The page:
Consumer confidence in Europe's food industry could be damaged if the use of nanotechnology is not properly regulated or managed, the CIAA Congress in Brussels was told today (19 November).

In its final conference session, delegates debated the question of trust between food manufacturers and the public.

Catherine Geslain-Lanéelle, executive director of the European Food Safety Authority (EFSA) stressed a recent report by the EU's Eurobarometer survey that had shown European consumers were increasingly trusting EU food manufacturers on safety and quality.

She said: "Those polled showed consumers' trust is certainly improving. They even mentioned the pleasure aspect of food, improving cooking at home or going out to dinner."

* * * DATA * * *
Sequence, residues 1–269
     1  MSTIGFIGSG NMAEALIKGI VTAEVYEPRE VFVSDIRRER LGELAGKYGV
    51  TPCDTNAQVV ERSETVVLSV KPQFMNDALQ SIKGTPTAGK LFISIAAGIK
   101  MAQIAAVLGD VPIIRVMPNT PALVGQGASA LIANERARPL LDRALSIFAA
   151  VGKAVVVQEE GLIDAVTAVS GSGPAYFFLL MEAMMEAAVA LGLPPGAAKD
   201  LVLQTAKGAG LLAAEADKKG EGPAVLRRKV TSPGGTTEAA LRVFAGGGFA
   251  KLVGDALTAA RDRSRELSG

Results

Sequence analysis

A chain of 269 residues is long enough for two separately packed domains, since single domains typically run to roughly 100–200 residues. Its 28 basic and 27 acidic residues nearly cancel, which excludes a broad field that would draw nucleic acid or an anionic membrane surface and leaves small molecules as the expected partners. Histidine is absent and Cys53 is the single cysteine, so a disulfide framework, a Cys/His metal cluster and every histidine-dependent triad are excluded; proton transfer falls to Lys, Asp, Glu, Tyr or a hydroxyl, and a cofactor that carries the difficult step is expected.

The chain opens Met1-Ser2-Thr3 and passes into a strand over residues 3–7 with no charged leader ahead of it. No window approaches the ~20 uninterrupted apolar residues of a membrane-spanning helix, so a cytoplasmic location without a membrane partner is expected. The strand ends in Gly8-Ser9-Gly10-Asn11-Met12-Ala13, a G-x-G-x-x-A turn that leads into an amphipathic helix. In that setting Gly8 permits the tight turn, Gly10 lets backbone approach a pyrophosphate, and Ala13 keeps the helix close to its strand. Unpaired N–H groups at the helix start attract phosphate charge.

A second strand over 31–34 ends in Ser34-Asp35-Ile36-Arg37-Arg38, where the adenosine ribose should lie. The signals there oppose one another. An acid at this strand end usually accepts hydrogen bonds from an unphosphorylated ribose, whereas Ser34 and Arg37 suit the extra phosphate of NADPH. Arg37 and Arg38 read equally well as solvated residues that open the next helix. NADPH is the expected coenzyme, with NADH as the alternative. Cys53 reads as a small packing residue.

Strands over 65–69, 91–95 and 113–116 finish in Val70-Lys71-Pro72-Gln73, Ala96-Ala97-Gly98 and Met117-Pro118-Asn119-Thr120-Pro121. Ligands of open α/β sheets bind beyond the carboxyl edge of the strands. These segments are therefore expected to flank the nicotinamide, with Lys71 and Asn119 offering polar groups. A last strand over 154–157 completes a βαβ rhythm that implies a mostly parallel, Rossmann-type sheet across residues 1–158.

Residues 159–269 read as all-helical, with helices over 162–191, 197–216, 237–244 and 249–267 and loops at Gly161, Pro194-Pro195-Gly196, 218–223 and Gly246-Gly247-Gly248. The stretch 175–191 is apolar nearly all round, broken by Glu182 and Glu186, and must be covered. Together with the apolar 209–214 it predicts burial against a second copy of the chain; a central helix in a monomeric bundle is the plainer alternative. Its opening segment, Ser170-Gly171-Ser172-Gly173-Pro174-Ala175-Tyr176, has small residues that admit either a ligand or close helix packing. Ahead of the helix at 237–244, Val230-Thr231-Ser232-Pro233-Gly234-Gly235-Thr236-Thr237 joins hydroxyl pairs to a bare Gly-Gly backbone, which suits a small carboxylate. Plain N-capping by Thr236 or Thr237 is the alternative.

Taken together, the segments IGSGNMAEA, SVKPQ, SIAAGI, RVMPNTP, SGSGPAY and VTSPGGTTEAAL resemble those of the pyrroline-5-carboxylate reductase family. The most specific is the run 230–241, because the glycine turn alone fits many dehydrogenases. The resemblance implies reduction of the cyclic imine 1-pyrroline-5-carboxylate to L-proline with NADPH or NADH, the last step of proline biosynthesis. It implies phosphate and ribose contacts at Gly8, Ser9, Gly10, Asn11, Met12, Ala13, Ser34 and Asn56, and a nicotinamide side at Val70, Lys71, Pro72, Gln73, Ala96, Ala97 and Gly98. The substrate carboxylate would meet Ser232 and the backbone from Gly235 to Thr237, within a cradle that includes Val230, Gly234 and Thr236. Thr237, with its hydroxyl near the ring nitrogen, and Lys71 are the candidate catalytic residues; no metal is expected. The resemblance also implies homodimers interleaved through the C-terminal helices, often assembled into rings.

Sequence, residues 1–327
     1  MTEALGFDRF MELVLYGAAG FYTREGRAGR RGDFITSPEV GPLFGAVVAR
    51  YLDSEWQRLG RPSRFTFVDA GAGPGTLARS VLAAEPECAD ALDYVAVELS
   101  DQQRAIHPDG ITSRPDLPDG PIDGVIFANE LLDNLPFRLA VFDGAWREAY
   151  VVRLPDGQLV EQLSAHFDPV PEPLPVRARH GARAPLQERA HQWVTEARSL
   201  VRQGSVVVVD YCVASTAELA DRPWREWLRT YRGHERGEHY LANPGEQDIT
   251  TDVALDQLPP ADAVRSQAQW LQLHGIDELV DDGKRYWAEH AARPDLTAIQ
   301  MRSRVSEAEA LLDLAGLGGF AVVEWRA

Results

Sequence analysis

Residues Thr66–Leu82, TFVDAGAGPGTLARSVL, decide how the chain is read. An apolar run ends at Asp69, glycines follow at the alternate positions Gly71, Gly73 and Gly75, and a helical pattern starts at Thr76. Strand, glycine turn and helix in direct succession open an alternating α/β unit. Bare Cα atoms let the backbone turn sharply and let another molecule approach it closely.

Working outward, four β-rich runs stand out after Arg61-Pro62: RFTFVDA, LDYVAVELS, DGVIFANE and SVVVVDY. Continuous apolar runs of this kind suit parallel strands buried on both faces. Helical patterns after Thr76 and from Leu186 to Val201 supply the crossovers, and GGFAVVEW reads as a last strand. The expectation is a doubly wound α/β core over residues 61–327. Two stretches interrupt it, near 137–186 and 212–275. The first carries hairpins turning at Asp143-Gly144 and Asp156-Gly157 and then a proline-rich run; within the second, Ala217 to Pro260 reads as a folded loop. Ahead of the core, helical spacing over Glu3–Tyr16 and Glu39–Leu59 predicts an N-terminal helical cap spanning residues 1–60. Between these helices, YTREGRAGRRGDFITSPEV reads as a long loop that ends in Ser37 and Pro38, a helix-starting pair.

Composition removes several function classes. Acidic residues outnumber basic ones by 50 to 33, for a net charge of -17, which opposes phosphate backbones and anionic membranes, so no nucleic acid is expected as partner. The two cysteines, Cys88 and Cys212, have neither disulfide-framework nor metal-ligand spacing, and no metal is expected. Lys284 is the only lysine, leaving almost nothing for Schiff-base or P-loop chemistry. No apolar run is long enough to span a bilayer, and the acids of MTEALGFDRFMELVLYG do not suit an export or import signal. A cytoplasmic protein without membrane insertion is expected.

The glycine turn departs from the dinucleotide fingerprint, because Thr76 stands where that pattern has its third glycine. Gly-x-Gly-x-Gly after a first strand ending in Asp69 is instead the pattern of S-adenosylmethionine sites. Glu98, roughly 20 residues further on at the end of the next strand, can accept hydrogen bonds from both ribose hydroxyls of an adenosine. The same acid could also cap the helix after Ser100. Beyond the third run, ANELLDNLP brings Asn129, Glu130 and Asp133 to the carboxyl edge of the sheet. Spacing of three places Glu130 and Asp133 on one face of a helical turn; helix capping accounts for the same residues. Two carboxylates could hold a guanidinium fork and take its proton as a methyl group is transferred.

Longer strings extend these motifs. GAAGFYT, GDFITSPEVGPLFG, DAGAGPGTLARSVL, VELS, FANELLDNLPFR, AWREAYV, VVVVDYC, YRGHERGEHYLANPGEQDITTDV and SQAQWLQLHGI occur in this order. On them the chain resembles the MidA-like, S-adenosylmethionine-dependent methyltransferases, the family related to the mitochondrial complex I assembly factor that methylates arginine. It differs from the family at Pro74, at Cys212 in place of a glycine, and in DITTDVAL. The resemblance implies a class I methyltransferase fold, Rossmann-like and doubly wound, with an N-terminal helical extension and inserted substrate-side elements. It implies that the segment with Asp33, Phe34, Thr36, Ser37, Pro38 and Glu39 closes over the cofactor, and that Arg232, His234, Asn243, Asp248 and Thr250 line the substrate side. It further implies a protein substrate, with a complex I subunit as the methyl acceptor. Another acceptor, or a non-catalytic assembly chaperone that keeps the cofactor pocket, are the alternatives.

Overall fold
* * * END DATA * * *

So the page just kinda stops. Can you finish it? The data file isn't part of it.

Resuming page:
However, Geslain-Lanéelle said the poll showed "of the risks, chemical contamination was the biggest fear [and] nanotechnology is also a cause of anxiety".

As a result, Geslain-Lanéelle said, unless the food industry was careful, discussions about nanotechnology move into the realm of paranoia and the sector would have to endure "a completely irrational debate" like the controversy over GM food.

Meanwhile, the EFSA director also complained about excessive numbers of EU regulations, which she argued made her job of fostering trust harder to communicate and manage. "EFSA now has 38 different workloads to deal with. Why so many? Couldn't there be some simplification?"